Updated: July 15, 3:20 p.m.
Same time, same place. Protesters and law enforcement expect to be back at Mauna Kea tomorrow after the anticipated arrests of protesters aiming to stop construction of the Thirty Meter Telescope did not materialize. Instead, there were frequent conversations between the protesters and law enforcement officials, with both sides saying they wanted to maintain the peace in a volatile situation.
Updated: July 15, 1:48 p.m.
One protest leader says there will be no arrests today. The demonstrators who had chained themselves to a cattle guard on Mauna Kea Access Road have untied themselves and returned to a sanctuary across from where hundreds of protesters had gathered to protest construction of the Thirty Meter Telescope. At a press conference this afternoon, Jason Redulla, chief of the state Division of Conservation and Resources Enforcement, said he heard of no reports of arrests at this time. If there were arrests, it is "breaking news" to him, he said.
Police were also dispersing from the scene. Protest organizer Kaho'okahi Kanuha said demonstrators who call themselves protectors of the mountain had tied themselves to the cattle guard for 11 hours, anticipating that construction would start on the telescope. While construction equipment had been staged nearby, no machinery was driven up the access road.
Updated: July 15, 1:27 p.m.
Demonstrators opposing construction of the Thirty Meter Telescope are no longer blocking the road near the intersection of Mauna Kea Access Road and Saddle Road, but they remain at a cattle guard about 100 yards up the access road, according to a protest organizer, Kaho'okahi Kanuha.
Earlier in the day, Kanuha had urged a group of protesters to "remain dignified, remain disciplined, remember kapu aloha."
"Remember we have a plan, and we trust in it. And it’s not an end-all-be-all today. I explained back there, we’re playing football [and] it’s just the first drive. Not even the first quarter. [We] got a long game ahead of us,” he said.
Updated: July 15, 12;39 p.m.
Law enforcement officials are dropping Jersey barriers on the south side of Saddle Road as the wait continues for what might come next. Those protesting the construction of the Thirty Meter Telescope on Mauna Kea continue to block access on a paved road up to the summit.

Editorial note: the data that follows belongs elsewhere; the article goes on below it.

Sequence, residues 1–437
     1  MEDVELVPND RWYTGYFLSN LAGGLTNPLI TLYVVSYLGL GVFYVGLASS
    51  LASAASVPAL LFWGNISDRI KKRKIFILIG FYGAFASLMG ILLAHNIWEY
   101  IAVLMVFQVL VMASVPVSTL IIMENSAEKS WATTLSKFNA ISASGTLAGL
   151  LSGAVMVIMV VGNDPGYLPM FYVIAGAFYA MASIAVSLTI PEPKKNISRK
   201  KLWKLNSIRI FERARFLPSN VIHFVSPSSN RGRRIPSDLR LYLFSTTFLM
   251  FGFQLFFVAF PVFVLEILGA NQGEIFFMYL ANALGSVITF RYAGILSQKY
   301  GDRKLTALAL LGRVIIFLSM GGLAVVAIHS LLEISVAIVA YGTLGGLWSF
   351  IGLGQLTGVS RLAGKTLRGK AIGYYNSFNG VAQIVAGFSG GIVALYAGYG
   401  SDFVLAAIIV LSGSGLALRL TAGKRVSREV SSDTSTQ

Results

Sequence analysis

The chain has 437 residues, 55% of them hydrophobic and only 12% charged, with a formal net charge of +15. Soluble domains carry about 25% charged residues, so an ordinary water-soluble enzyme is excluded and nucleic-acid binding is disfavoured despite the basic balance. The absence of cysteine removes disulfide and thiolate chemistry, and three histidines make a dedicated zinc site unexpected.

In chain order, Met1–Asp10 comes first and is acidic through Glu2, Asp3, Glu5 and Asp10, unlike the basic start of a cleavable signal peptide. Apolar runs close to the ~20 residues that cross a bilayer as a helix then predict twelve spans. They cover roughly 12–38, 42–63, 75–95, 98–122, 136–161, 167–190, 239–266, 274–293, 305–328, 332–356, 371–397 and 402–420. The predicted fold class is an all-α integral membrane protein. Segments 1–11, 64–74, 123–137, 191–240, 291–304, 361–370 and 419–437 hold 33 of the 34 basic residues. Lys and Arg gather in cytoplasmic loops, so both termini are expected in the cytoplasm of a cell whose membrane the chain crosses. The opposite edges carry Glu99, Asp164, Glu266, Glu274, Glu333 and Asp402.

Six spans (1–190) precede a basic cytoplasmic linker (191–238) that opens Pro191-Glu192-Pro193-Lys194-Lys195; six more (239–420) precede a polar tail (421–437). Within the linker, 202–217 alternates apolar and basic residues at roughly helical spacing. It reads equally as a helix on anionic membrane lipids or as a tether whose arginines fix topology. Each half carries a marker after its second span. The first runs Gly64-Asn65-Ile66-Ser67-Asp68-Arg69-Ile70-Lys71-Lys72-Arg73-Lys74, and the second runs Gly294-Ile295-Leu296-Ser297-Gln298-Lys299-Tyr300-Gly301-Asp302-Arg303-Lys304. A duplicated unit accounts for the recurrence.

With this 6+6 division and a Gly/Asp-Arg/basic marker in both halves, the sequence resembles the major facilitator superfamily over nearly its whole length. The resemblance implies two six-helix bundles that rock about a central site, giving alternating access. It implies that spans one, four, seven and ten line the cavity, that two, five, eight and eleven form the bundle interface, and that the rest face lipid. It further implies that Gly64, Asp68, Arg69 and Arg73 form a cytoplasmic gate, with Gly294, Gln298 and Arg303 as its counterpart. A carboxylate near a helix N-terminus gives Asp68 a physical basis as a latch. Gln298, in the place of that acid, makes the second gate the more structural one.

Updated: July 15, 11:32 a.m.
Saddle Road has been shut down to one lane on the Kona side as law enforcement officials mobilize ahead of the expected arrests of protesters attempting to block any construction equipment that would proceed up Mauna Kea to begin construction of the Thirty Meter Telescope.
Updated: July 15, 11:06 a.m.
Construction crews in a convoy have arrived at the Mauna Kea Access Road but are not yet proceeding up the mountain. One of the protest organizers, Andre Perez, said an "extraction truck" and county mobile command post are at the scene in anticipation of arrests of those protesting the Thirty Meter Telescope construction.
Updated: July 15, 10:52 a.m.
The kupuna or elders have moved up the Mauna Kea Access Road to a cattle guard where others protesting the Thirty Meter Telescope had tied themselves down in an effort to block access to the mountain.
Updated: July 15, 10:37 a.m.
The Hawai'i County mayor issued an appeal to drivers along Saddle Road to be careful as they approach the scene of the demonstration now underway against the Thirty Meter Telescope construction. Mayor Harry Kim said county police are there mainly to keep everyone safe and ensure traffic flows along Saddle Road. The road leads up to Mauna Kea Access Road, where about 200 to 300 protesters are attempting to block access up the mountain. Vehicles are parked along Saddle Road near the access road intersection.
State transportation crews set up flashing lights about a half mile from the intersection to alert motorists about the activity.
Updated: July 15, 9:34 a.m.
The situation remains tense but calm on the ground at Mauna Kea Access Road, which the state closed early Monday in preparation for the start of the Thirty Meter Telescope construction. Protesters are awaiting any moves by law enforcement to clear access to the building site, but leaders of both sides continue to talk to avoid confusion. Earlier, there were hugs between law enforcement officers and protest leaders. The two sides say they want to keep things peaceful.